Hexactinellida (phylum Porifera).
(M.L. windpipe). The
windpipe. Also, any of the air tubes of
Formation of messenger RNA
from the coded DNA.
Condition in which bacterial
DNA (and the genetic characteristics it
bears) is transferred from one bacterium to
another by the agent of viral infection.
transfer RNA (tRNA)
A form of RNA of about
70 or 80 nucleotides, which are adapter
molecules in the synthesis of proteins. A
specific amino acid molecule is carried by
transfer RNA to a ribosome-messenger RNA
complex for incorporation into a
Condition in which DNA in
the environment of bacteria somehow
penetrates them and is incorporated into
their genetic complement, so that their
progeny inherit the genetic characters so
(L. a transferring). The process in
which the genetic information present in
messenger RNA is used to direct the order of
specific amino acids during protein synthesis.
(L. transversus, across). A
plane or section that lies or passes across a
body or structure.
Disease caused by
infection with the nematode Trichinella spiralis.
(Gr. thrix, hair, + kystis,
bladder). Sac-like protrusible organelle in
the ectoplasm of ciliates, which discharges
as a threadlike weapon of defense.
(Gr. tria, three,
+ glykys, sweet, + ide, suffix denoting
compound). A triester of glycerol with one,
two, or three acids.
(Gr. treis, three,
+ meros, a part). Body in three main
divisions, as in lophophorates and some
triple, + blastos, germ). Pertaining to
metazoa in which the embryo has three
primary germ layers - ectoderm, mesoderm,
See Down syndrome.
(Gr. trochos, wheel,
+ pherein, to bear). A free-swimming
ciliated marine larva characteristic of most
molluscs and certain ectoprocts,
brachiopods, and marine worms; an ovoid
or pyriform body with preoral circlet of cilia
and sometimes a secondary circlet behind
(Gr. trophe, food,
+ allaxis, barter, exchange). Exchange of
food between young and adults, especially
certain social insects.
(Gr. trophos, one who feeds).
Jaw-like structures in the mastax of rotifers.
(Gr. trophe, food). Pertaining
to feeding and nutrition.
(Gr. trephein, to
nourish, + blastos, germ). Outer ectodermal
nutritive layer of blastodermic vesicle; in
mammals it is part of the chorion and
attaches to the uterine wall.
(Gr. trophe, food, + soma, body). Organ in poganophorans
bearing mutualistic bacteria, derived from
(Gr. trophe, food,
+ zoon, animal). Adult stage in the life
cycle of a protozoan in which it is actively
(Gr. trope, to turn toward).
Related to the tropics (tropical); in endocrinology, a hormone that influences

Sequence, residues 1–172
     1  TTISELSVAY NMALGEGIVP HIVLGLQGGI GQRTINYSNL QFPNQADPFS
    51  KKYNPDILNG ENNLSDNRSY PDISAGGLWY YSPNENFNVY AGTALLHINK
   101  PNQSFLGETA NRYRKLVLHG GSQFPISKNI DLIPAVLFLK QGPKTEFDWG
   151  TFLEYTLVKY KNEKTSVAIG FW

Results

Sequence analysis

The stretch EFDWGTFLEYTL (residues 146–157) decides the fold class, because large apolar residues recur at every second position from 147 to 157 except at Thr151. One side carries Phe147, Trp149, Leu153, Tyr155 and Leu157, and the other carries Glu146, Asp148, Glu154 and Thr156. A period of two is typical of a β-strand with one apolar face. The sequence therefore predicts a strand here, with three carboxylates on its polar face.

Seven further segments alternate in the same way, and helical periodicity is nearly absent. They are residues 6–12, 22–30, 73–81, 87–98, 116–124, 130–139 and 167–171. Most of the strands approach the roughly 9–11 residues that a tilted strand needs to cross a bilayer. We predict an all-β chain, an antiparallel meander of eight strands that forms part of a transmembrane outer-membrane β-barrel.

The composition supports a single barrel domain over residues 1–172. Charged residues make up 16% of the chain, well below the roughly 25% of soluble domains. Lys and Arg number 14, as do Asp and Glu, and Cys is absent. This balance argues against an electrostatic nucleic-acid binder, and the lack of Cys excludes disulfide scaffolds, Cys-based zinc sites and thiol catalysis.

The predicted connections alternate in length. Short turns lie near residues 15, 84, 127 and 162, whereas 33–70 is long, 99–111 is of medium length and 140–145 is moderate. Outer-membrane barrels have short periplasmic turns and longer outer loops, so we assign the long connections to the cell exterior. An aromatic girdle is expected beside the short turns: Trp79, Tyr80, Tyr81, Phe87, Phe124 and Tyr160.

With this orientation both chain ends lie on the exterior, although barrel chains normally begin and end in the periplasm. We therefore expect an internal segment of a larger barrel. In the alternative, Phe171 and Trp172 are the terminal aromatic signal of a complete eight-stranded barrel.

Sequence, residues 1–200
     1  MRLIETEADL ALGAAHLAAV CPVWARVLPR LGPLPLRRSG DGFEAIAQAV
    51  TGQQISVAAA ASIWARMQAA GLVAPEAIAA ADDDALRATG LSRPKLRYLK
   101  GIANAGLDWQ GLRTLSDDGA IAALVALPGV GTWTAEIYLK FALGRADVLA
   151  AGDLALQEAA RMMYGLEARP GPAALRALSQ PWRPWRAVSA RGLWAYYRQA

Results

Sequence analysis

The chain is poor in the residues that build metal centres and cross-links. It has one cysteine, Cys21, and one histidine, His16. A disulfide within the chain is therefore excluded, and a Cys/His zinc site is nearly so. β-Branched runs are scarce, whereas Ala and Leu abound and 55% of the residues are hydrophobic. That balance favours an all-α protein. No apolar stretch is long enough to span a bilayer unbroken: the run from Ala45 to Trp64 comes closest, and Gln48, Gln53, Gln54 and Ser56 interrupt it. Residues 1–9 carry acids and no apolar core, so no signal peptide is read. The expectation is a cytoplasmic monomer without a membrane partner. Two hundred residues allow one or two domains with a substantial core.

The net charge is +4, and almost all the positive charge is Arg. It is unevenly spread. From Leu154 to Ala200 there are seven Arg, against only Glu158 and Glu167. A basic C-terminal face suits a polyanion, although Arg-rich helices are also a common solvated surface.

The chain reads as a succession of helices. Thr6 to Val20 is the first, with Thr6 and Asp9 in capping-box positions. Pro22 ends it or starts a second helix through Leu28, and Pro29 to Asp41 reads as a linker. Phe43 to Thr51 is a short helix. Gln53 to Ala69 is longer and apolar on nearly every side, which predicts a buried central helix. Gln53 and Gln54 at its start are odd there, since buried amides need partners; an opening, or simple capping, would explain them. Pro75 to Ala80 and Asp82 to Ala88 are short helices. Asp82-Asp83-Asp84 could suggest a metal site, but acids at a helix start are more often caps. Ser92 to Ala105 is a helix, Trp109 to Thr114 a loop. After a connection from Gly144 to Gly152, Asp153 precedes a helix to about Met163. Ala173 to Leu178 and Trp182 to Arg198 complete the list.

the action of another hormone or endocrine
gland (usually pronounced tro´pic).
turn, + mys, muscle). Low-molecular weight
protein surrounding the actin filaments of
Complex of globular
proteins positioned at intervals along the
actin filament of skeletal muscle; thought to
serve as a calcium-dependent switch in
tube feet (podia)
Numerous small, muscular,
fluid-filled tubes projecting from body of
echinoderms; part of water-vascular system;
used in locomotion, clinging, food handling,
(L. tuberculum, small
hump). Small protuberance, knob, or
(L. tubulus, small tube,
+ in, belonging to). Globular protein
forming the hollow cylinder of
tumor necrosis factor
A cytokine, the most
important source of which is macrophages,
that is a major mediator of inflammation.
tumor suppressor gene
A gene whose
products act as restraints on cell division by
triggering apoptosis, controlling transcription
of other genes, restraining progression in
phases of the cell cycle, or by other means.
(Russ. from Lapp, tundar,
hill). Terrestrial habitat zone, located
between taiga and polar regions;
characterized by absence of trees, short
growing season, and mostly frozen soil
during much of the year.
(L. tunica, tunic, coat). In tunicates, a
cuticular, cellulose-containing covering of
the body secreted by the underlying body
(Gr. tympanon, drum).
Relating to the tympanum that separates the
outer and middle ear (eardrum).
A specimen deposited in a
museum that formally defines the name of
the species that it represents.
(Gr. typhlos, blind,
+ solen, channel, pipe). A longitudinal fold
projecting into the intestine in certain
invertebrates such as the earthworm.
(L. typus, image).
A classification of organisms in which
members of a taxon are perceived to share
intrinsic, essential properties, and variation
among organisms is regarded as
uninteresting and unimportant.